- Look to the far horizon. Capital superabundance will tip the balance of power from owners of capital to owners and creators of good ideas—wherever they can be found. But as yield-seeking capital increasingly crowds into all available asset classes, diversification will become even harder to achieve. Indeed, over the past decade the returns among assets that have traditionally been negatively correlated—equity values moving up as bond yields decline, for example—have begun to move in the same direction. Over the coming years, both financial and strategic investors will need to extend their time horizons in order to find diversification and solid returns. Many of the most attractive growth opportunities we see across this decade will require patient capital—in healthcare to accommodate an aging global population, infrastructure development and renewal in developing and advanced markets, frontier technologies like robotics and genomic science, as well as others that Bain identified in “The Great Eight: Trillion-Dollar Growth Trends to 2020,” our 2011 macro trends report. Investors who re-peg their hurdle rates in line with decade-long low interest rates will find that betting on the far horizon is uniquely well suited for this period of capital superabundance.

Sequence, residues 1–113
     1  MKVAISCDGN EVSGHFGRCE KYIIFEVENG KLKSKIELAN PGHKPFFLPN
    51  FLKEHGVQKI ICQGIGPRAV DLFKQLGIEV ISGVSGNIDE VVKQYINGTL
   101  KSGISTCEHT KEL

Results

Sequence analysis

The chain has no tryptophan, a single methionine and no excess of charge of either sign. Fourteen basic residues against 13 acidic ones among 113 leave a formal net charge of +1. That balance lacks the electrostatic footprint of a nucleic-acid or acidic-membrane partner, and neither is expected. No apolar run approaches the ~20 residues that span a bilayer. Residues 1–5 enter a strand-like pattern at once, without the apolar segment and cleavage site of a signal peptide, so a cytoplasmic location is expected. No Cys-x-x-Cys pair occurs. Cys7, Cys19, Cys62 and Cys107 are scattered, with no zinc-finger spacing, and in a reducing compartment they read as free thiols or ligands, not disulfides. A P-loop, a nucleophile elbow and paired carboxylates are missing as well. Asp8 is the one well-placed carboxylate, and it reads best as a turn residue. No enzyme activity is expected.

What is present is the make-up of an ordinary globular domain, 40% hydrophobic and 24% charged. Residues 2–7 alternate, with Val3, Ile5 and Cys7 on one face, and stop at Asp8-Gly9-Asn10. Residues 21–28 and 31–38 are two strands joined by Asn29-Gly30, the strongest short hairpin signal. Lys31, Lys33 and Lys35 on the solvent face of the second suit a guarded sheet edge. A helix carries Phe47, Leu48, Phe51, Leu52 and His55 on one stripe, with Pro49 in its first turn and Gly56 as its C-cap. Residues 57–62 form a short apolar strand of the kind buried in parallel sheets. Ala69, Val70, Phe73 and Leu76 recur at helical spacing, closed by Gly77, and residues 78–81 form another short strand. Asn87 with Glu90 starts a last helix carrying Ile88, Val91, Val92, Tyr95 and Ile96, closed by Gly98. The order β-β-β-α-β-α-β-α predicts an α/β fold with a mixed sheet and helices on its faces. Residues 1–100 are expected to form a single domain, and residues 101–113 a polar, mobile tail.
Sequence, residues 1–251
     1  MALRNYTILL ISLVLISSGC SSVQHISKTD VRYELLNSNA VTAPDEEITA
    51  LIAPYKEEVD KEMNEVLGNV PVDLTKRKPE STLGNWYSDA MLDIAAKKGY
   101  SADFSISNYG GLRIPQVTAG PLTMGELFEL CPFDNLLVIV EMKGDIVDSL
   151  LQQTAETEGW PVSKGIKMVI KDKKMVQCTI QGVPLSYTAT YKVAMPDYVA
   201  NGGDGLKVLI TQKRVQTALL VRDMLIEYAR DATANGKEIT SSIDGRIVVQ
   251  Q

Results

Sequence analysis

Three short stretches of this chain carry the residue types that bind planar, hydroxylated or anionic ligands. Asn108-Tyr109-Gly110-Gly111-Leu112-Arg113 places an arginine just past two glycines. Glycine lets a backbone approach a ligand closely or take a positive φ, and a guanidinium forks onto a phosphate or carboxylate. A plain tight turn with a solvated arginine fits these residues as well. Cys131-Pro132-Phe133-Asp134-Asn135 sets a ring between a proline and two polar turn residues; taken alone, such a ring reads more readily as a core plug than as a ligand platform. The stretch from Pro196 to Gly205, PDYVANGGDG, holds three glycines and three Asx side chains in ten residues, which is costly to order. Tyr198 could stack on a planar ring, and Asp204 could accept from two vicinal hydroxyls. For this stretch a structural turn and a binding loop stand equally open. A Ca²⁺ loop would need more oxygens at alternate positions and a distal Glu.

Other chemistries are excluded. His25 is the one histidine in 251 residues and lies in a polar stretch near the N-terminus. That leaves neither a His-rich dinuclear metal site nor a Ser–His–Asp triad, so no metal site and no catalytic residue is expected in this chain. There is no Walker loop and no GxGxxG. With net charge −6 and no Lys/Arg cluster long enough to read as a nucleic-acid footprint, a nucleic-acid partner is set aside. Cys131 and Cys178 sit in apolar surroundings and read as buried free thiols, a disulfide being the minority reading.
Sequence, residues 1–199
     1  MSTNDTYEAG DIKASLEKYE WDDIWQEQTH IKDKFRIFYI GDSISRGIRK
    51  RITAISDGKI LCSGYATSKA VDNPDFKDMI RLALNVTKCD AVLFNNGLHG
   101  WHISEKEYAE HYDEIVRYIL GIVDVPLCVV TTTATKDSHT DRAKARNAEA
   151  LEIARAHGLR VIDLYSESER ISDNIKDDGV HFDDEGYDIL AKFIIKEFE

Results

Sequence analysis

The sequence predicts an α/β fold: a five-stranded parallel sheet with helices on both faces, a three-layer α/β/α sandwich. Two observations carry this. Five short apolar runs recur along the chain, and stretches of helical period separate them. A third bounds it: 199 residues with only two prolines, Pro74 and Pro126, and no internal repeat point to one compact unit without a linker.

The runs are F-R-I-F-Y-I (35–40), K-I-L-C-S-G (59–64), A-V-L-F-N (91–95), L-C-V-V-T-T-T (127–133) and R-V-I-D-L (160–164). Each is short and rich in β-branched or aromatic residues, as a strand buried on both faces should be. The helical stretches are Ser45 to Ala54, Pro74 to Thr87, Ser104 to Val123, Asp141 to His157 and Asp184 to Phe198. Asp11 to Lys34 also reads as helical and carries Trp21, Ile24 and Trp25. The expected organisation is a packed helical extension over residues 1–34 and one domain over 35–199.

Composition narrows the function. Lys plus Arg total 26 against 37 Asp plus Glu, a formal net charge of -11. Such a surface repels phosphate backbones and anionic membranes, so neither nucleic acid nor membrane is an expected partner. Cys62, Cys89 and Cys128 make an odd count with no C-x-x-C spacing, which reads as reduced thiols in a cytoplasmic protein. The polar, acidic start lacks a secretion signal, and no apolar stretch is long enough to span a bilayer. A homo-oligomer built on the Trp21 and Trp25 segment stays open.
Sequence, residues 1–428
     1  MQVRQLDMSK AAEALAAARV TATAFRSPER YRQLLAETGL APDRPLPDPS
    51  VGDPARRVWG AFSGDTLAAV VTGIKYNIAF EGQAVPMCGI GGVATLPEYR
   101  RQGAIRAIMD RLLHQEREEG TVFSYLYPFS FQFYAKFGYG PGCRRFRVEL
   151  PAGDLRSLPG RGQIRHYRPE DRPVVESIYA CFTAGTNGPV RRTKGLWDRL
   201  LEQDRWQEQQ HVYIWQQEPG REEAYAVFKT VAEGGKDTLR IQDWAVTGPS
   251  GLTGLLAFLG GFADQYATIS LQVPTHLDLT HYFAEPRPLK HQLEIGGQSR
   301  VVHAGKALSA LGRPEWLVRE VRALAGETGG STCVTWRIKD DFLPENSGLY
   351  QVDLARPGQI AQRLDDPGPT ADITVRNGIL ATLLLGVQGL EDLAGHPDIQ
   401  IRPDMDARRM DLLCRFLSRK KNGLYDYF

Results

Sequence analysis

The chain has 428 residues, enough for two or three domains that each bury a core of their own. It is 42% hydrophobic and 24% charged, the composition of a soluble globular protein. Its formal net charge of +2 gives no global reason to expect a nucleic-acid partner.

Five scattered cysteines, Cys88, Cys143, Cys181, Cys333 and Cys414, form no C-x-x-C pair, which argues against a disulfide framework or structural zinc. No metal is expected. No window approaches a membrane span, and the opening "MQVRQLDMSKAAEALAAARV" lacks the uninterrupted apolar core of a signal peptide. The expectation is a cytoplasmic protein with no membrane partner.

1. The growing challenge: Too much capital
The expansion of the financial sector has accounted for an increasing share of world economic growth for years. The shift began with the end of the Bretton Woods system in the early 1970s and has accelerated since the 1980s with the advent of financial engineering, computing power and regulatory changes that reinforced it. The steady, decades-long buildup of financial capital has masked the fact that real economic growth was slowing.
The consequences are plain to see: Economic recovery remains stalled while households and banks in the US and EU shed debt and rebuild their balance sheets; regulators impose strict new capital requirements and mandates on the banking sector; and governments, particularly on the periphery of the euro zone, struggle to restructure high loads of public and private sector debt. Accompanied by macroeconomic volatility and interventionist central bank policies, these painful adjustments have clouded the near-term outlook for capital markets.